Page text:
“The format is going to be about 25% current-driven, and that’s going to increase as some of these artists … get into the studio and start to put out new music,” says Dickey
In other words, older artists who were relevant in the 80′s and 90′s, but who put out new music today, will have a home on NASH Icon for brand new singles.
“The balance is going to be made up from calls from the 80′s, 90′s, and 2000′s, predominantly anchored in the 90′s and 2000′s, with a little bit of ’80′s. But this format is really all about the face cards—the big artists from that 20-25 year period of time, mixed in with artists from today that make sense and have a sound that fits and is compatible.”
Dickey also addresses so-called “Bro-Country,” saying, “You won’t hear a lot of what we affectionately term in the business today as ‘Bro-Country.” This is a format that I can expect to be competitive 25-34, but like Hot AC, is really going to find a sweet spot 30-50.”
However if you look at the playlist of one of the recently-launched NASH Icon stations, you can find plays for songs like Luke Bryan’s “That’s My Kind of Night,” or “Blake Shelton’s “Boys ‘Round Here.” Those plays may disappear over time as the format tweaks itself, but at the moment, there is a discrepancy between John Dickey’s words, and the NASH Icon playlists. Those “current” songs may also be replaced by new songs from older artists, once those songs are released to the new format.
John Dickey and Cumulus do not see NASH Icon as second-rate country music programing. They see it living side-by-side with Top 40, competing aggressively, if not challenging country music as a whole to step up its game.
“[It is] already resonating big time and is only going to snowball and pick up more steam,” Dickey says. “As we continue to build out this platform, people will see this format is capable at playing at the biggest levels alongside where mainstream country is. This can stand side-by-side with mainstream country, and not Cannibalize it, but grow the total shares in the markets. What it’s going to do … is shape the creative community in Nashville, or motivate them a little bit more on some music that they probably haven’t been able to find the right home for. And I’m talking about specifically the writing community.“
The content glut of worthy songs that are not finding artists to cut them has been a side story to the Top 40, “Bro-Country” dominance of the format currently. We’ve heard people ranging from T Bone Burnett to Garth Brooks say that the amount and quality of songs waiting to be heard is astounding. There just hasn’t been an outlet for substantive material in country music for some time.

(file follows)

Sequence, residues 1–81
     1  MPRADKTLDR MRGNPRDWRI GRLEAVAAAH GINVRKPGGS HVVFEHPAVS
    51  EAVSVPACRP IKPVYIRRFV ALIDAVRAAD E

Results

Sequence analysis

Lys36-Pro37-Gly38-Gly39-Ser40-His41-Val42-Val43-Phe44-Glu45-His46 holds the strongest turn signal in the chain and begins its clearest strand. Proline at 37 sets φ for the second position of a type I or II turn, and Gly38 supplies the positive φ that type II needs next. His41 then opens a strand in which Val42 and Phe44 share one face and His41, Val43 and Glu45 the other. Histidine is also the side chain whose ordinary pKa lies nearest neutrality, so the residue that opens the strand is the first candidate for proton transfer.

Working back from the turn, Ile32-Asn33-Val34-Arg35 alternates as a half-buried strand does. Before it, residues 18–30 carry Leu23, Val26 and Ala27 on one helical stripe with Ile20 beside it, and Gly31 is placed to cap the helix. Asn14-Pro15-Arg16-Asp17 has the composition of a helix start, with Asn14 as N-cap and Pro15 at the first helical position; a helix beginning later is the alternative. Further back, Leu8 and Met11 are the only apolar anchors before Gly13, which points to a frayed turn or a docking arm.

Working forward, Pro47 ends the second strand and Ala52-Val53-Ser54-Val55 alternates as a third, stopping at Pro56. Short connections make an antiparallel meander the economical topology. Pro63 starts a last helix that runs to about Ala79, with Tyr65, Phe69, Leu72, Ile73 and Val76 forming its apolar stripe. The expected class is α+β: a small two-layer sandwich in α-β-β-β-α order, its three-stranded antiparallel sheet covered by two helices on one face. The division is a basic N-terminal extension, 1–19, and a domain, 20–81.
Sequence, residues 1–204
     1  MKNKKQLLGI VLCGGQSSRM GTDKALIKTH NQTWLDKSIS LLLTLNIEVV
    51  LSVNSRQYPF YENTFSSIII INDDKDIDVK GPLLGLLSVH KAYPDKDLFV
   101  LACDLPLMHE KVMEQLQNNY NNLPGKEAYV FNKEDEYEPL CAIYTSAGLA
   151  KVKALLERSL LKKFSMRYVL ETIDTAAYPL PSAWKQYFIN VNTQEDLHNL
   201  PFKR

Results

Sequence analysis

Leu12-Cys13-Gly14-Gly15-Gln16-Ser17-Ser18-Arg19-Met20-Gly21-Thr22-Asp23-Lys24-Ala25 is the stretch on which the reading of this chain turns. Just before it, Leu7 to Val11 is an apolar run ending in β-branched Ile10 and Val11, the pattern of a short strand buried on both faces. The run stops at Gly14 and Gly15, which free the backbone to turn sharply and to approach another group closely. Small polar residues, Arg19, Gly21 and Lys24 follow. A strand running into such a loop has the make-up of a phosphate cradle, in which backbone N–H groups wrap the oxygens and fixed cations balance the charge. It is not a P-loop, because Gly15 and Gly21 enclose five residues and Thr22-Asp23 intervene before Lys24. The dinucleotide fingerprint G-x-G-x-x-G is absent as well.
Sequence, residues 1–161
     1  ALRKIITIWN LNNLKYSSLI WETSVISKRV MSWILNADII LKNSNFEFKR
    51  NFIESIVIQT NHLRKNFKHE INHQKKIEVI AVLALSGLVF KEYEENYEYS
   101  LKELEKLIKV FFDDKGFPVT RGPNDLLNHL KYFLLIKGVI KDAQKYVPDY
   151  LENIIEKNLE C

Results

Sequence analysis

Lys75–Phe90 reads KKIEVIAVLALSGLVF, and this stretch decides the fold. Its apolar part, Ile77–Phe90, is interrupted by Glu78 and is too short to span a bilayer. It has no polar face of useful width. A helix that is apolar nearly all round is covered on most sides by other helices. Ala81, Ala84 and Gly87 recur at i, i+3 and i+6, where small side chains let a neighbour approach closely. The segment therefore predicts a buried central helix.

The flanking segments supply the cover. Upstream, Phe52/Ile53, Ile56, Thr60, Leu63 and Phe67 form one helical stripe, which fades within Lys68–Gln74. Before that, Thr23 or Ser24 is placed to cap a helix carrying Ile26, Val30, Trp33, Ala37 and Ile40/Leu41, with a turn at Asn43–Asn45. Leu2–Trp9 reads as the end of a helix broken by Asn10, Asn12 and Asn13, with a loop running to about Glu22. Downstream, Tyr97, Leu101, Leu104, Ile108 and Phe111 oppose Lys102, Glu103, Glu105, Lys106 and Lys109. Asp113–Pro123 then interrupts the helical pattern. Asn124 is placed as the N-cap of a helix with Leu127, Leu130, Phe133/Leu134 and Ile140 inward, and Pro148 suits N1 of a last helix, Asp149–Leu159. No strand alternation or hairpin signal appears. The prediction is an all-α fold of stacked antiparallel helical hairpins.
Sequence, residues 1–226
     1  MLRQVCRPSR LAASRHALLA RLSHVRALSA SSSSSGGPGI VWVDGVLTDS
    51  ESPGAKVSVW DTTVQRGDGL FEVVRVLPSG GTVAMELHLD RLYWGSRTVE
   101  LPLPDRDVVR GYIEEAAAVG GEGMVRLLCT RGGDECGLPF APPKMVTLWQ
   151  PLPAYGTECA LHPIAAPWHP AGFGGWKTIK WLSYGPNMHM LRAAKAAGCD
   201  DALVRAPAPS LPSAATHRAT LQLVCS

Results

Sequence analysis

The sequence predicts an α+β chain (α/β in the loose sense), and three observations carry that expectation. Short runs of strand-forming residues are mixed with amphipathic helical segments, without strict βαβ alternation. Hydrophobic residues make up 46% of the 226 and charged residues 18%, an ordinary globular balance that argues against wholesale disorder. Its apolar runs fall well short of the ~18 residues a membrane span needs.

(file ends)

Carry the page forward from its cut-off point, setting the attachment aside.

What Else To Expect
“There will be a morning show out of our NASH campus that will be purposed for NASH Icon,” John Dickey says. “It will be different than what we’re doing with NASH and ‘America’s Morning Show’ with Blair Garner. It’s going to [have] more of a living room setting and be more music intensive, but more interview-driven. Artists will come in and sit alongside the host of the show … I expect that to be online by the end of the year. With respect to any other day parts, there is nothing planned at this point that we would syndicate.”
“Westwood One is going to be offering NASH Icon as a format to affiliates starting almost immediately. We’re going to build on Stork platform, on what we call our localized format; completely customizable for any market. The Stork technology allows for somebody to take any day part or piece of the format that we offer and customize that around any live day parts that happen to be running … That technology allows for a very customized sound and custom feel to the format.”
This is where Cumulus and NASH differ from their biggest national competitor, Clear Channel. Clear Channel does not allow local formats to customize in many cases, breeding national homogenization to local formats. However many times local NASH affiliates still decide to go with national programming because the cost is cheaper than hiring local talent.
John Dickey also says that he expects Big Machine Records to begin announcing NASH Icon artists for the record label “sooner rather than later, probably within the next 30 to 60 days.”
What This All Means
As we can already see from the discrepancy between what John Dickey is saying about “Bro-Country” and what is showing up on playlists, it is going to take some time for NASH Icon to get its feet under itself and smooth out all the wrinkles. Regardless of who is being played from the current crop of mainstream country stars, you can also see from both the current NASH Icon playlists, and John Dickey’s words that older artist will once again be found on the radio airwaves, and not just on small, “classic” country stations. This new format also doesn’t threaten to Cannibalize those existing independent classic country stations unless they’re directly converted to a NASH Icon affiliate by Cumulus, because those listeners are not going to want to listen to Luke Bryan mixed in with their Randy Travis and Willie Nelson. But the format will potentially introduce those older artists to an entirely new audience, and challenge Top 40 country to deliver a little more variety and substance, or force listeners to switch channels.
One of the big questions that still remains is if Clear Channel—the #1 radio station owner in the country—will launch its own answer to NASH Icon.
Call it Bro-Country, call it just plain bad, but Merle Haggard apparently prefers to call the puss oozing from the open sore that is modern-day radio country “Boogie Boogie Wham-Bam.” And hey, he’s Merle freaking Haggard, so he can call it whatever the hell he wants.